U.S. renewables a job engine, trade groups say

More than 3 million jobs supported by industries tied to renewable energy.
By Daniel J. Graeber Follow @dan_graeber Contact the Author   |   Feb. 22, 2017 at 8:10 AM
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Feb. 22 (UPI) -- A consortium of U.S. clean-energy groups said it was growth in the industries tied to renewable energy that were the ones creating more jobs.

Business groups supporting the renewable energy sector in the United States said data compiled from federal reports find the low-carbon industry supported more than 3 million jobs last year.

While the U.S. Department of Energy doesn't specify what constitutes "clean energy," the trade groups said they were united behind their labor figures. Of the data that is specific to renewable energy, the U.S. Bureau of Labor Statistics reported about 10,000 people employed last year as solar photovoltaic installers. That compares with 29,000 reported by the BLS as "derrick, rotary drill, and service unit operators, oil, gas, and mining."

By her records, Abigail Ross-Hopper, the CEO and president of the Solar Energy Industries Association, one out of every 50 new jobs created in the United States last year came from solar energy industries.

"These jobs pay well, they support local economies and they fuel American innovation," she said in a statement.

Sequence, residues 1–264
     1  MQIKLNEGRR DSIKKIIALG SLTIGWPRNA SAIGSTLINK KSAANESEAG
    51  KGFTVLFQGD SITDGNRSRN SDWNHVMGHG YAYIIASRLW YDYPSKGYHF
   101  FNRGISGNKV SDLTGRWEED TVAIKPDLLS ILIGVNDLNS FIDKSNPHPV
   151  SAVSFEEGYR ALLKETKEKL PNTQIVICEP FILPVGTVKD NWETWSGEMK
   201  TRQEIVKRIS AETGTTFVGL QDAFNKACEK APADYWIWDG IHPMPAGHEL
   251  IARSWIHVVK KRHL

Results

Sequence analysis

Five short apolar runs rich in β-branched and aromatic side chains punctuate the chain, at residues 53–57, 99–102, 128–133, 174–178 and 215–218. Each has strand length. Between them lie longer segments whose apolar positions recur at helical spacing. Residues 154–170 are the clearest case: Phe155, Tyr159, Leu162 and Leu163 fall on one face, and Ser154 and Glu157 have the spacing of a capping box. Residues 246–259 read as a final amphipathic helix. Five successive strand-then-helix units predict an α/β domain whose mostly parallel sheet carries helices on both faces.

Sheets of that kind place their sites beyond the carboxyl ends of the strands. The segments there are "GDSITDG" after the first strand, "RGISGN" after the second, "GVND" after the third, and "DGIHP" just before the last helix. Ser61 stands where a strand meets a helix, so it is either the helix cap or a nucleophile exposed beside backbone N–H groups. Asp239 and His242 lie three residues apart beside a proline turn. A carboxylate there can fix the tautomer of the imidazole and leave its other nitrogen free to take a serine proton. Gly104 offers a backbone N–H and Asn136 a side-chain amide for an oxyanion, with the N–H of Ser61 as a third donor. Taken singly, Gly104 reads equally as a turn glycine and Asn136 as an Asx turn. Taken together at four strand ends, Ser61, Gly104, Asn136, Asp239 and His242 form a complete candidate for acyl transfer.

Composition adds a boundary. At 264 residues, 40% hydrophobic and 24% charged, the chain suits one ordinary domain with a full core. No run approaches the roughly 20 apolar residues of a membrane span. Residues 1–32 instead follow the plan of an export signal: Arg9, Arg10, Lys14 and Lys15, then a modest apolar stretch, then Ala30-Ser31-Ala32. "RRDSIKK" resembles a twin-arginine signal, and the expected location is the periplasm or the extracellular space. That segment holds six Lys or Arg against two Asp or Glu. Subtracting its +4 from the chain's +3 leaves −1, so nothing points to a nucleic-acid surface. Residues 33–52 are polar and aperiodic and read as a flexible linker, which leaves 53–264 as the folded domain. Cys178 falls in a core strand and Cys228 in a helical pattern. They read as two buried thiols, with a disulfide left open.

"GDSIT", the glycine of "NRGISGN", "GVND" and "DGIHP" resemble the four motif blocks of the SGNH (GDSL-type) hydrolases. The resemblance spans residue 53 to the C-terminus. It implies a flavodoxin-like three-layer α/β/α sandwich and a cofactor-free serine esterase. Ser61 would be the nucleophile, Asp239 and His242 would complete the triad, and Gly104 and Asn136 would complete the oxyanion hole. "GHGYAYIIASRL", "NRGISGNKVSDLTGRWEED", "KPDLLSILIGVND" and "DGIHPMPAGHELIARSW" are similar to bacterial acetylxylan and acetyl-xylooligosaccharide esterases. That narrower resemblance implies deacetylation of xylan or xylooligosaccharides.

Hopper joined the SEIA three days before Donald Trump took the oath of office as the next U.S. president. Hopper served as the head of the Bureau of Ocean Energy Management, the offshore regulator in the United States. One of her last moves at the BOEM was to announce the final auction for acreage in the Gulf of Mexico for drillers under a five-year plan introduced by outgoing President Barack Obama.

Trump has put forward an energy policy that emphasizes oil and natural gas, vowing to make the country energy independent. According to the American Petroleum Institute, an oil and gas trade group, the U.S. energy sector supports three times as many jobs as renewable energy.

Scott Pruitt, the head of the U.S. Environmental Agency, a department he sued as Oklahoma's attorney general, tried to strike a balance on energy-related labor.

"I believe that we as a nation can be both pro-energy and jobs, and pro-environment," he told employees. "We don't have to choose between the two."

Elsewhere, the renewable energy trade groups said wind energy was supporting tens of thousands of jobs in nearly every U.S. state, with most of that employment showing up in manufacturing.

"According to the BLS, wind turbine technician is now the fastest-growing job description in America," American Wind Energy Association CEO Tom Kiernan said.

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